Don’t elect allies of land cartels, Uhuru says, launches titles drive

President Uhuru Kenyatta issuing title deeds

President Uhuru Kenyatta issuing title deeds to land owners at KICC on June 22, 2022. He warned Kenyans against electing leaders he described as supporting land cartels.

Photo credit: PSCU

President Uhuru Kenyatta Wednesday warned Kenyans against electing leaders he described as supporting land cartels in the August 9 General Election, as he launched a massive drive to distribute a million titles in two weeks.

The Head of State also ordered Interior Cabinet Secretary Fred Matiang’i and his Lands counterpart Farida Karoney to team up with county commissioners to distribute the title deeds.

He further warned that the reforms his government had undertaken in the land sector would be under threat should Kenyans elect leaders who will not commit to them.

“There are those who were fond of clearing forest areas to build houses, because they knew no one would follow up. Now that the titles have been digitised, they will show that that is a forest area, and no title will be issued for gazetted forest land. This is because we need to protect our forests,” said President Kenyatta.

Stealing public land

He declared: “Others were used to stealing public land. They would wake up in the morning and walk around looking for unoccupied land to take over. That won’t happen again.”

Speaking at the Kenyatta International Convention Centre (KICC), President Kenyatta stated that land cartels were assembling with the intention of slowing down the pace of reforms already put in place.

Out of the titles distributed since 2013, Meru County received the highest number at 445,069, followed by Kitui County with 358,789 titles.

Laikipia County came third with 351,024 title deeds, Machakos County (340,050), Kiambu County (325,147) and Kajiado County (313,254).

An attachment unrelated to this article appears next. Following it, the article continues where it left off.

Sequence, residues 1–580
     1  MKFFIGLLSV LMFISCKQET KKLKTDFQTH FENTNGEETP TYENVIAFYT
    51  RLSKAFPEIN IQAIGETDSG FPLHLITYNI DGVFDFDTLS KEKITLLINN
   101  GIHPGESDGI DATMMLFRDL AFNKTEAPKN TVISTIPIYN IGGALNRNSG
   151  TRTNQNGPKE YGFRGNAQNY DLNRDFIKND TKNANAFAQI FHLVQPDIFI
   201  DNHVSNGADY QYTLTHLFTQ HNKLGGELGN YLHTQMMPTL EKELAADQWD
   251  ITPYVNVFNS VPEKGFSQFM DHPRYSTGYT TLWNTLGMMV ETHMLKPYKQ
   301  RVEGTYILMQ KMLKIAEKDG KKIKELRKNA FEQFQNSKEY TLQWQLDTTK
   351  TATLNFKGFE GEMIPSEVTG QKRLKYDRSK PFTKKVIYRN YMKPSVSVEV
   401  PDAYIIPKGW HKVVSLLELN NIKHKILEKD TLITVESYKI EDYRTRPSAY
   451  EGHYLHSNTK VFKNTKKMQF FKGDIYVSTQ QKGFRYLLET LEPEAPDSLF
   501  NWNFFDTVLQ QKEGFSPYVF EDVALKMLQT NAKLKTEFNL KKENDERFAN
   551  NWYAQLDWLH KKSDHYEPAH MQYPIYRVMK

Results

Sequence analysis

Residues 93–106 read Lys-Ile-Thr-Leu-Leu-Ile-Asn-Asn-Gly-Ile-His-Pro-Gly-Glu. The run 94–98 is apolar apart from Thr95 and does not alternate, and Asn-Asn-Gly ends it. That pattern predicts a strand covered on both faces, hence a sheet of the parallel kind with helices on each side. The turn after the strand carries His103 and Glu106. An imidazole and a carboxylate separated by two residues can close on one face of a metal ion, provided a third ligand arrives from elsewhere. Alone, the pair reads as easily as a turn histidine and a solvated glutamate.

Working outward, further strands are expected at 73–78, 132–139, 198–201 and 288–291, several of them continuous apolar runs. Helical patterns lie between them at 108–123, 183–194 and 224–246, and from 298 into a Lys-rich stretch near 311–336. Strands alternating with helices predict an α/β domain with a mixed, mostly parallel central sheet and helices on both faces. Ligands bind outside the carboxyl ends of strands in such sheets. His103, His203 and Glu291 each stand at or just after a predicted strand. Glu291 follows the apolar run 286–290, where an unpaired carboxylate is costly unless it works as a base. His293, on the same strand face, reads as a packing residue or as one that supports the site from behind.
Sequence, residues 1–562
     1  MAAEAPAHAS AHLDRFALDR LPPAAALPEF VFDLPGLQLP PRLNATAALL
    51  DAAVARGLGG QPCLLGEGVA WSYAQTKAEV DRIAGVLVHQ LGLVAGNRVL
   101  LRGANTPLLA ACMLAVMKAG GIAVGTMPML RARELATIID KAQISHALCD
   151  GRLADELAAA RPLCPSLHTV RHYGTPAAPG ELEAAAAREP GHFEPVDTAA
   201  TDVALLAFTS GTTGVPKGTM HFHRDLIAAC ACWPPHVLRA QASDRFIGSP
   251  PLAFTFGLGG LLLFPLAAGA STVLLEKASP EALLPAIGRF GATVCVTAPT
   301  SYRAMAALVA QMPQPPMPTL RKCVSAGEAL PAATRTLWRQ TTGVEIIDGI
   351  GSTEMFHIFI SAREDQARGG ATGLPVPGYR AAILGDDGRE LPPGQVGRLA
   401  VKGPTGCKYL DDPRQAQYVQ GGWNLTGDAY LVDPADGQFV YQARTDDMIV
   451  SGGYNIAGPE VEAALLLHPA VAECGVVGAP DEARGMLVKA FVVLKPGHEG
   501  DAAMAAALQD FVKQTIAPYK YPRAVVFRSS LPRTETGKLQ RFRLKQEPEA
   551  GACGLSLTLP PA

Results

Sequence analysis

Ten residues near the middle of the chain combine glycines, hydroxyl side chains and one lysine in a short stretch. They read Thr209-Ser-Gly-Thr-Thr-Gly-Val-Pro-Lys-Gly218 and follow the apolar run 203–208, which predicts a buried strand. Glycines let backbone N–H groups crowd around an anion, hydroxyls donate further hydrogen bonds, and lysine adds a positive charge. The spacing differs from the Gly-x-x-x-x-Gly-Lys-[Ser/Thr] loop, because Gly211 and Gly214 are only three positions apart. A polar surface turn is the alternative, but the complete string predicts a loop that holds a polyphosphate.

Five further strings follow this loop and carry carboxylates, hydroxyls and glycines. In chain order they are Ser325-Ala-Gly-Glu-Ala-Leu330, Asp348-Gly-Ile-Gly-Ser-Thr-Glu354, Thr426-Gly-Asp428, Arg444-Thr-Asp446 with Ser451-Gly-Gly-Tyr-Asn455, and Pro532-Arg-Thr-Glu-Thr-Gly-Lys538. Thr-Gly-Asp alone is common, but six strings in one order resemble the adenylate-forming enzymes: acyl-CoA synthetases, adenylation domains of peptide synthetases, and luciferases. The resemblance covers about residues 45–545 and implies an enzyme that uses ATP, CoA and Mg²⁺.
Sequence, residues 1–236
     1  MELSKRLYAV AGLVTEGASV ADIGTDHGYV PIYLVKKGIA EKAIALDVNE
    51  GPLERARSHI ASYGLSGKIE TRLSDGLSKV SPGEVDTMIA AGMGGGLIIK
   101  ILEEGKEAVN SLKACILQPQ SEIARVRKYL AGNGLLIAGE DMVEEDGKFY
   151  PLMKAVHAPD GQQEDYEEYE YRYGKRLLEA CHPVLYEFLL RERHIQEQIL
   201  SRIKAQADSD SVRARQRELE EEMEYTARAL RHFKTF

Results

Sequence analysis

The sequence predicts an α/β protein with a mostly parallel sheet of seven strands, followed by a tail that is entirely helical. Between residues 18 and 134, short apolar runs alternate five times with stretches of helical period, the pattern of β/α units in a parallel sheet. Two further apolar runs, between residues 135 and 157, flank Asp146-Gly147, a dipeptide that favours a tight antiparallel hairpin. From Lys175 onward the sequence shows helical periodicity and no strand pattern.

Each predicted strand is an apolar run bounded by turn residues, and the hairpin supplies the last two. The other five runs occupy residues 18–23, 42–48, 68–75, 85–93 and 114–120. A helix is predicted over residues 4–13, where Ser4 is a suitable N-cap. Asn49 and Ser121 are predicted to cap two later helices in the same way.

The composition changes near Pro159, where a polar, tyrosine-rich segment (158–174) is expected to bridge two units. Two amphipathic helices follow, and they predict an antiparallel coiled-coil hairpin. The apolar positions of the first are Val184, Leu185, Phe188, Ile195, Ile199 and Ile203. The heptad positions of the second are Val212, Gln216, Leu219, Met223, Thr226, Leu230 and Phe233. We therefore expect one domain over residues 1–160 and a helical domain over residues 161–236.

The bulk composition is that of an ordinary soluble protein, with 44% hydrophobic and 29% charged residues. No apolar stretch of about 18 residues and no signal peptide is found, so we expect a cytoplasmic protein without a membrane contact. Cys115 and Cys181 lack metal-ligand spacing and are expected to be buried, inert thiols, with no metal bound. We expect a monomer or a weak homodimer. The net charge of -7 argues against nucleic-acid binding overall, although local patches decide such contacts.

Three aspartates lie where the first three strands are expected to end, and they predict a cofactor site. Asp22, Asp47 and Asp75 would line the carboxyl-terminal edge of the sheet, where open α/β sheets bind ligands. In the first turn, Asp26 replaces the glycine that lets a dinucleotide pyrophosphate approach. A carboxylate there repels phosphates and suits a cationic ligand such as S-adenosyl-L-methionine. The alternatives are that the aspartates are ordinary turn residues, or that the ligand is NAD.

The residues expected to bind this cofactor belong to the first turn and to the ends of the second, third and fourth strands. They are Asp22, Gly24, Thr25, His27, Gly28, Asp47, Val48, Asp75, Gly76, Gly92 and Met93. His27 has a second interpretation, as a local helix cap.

Siaya County was seventh with 295,000 titles, followed by Homa Bay with 241,541 titles. Kisumu received 240107 and Makueni 214,800 titles.

Fulfilment of pledge

President Kenyatta said the issuance of the titles was in fulfilment of a pledge that his administration made on February 3, 2013.

“As of 2013, some 67 per cent of land in Kenya had still not been adjudicated and had no titles. People living on community land suffered disadvantages not experienced by those living on unregistered lands, as they could not unlock the commercial value of that land. Public bodies were hampered by encroachment, grabbing and uncertainty due to land holdings. I also observed that individuals were living on untitled land that they could not develop because they knew that they could be evicted at any time,” said President Kenyatta.

Six million titles

Nine years later, he explained, more than six million titles have been issued, compared to a similar number that was issued in more than 50 years after independence and 50 years prior to independence.

“The government is also documenting land belonging to public institutions such as schools, law courts and prisons. The Ministry of Lands, working with partners in the education sector, has delivered titling of parcels of land belonging to 20,000 schools and surveying of 32,000 public schools,” he said.

He explained that the electronic land information and management system was launched to do away with the manual registry, which was prone to misuse and contributed to corruption.

“As part of our reforms in the land registry, the process of identifying fake title deeds and reversing endemic fraud was accelerated. We have also increased the efficiency and speed of land processing. Less than four years ago it took a minimum of six months to complete a single land transaction. Now it takes 48 hours, using the system we have in place,” he said.

Similarly, he said, instead of taking between one and three months to conduct a land search, it now takes three to five minutes to get the results from the comfort of your home or office, the President explained.

Community Land Act

The President also stated that after he signed the Community Land Act into law in 2016, an estimated 3.5 million Kenyans, who had been unable to register approximately 150,000 square miles of communal land, were now able to do so. Group ranches in Laikipia, Samburu, Kajiado, West Pokot and Taita-Taveta counties, for example, have since received their title deeds, benefiting more than a million people in those communities.

The President also stated that the government had gazetted 10 land registries, bringing the total in the country to 67. He added that the government was in the process of constructing 10 more registries to support devolved units and decentralise land administration services.

The up-and-running registries are located in Kajiado West, Kajiado South, Yatta, Ntomo, Samburu, Malindi, Ruiru, Tigania West, Marimanti, Kiritiri and others. Those under construction are located in Hola, Kitui, Mbeere, Bomet, Ol Kalua, Naivasha, Nandi, Ruiru, Laikipia and Samburu.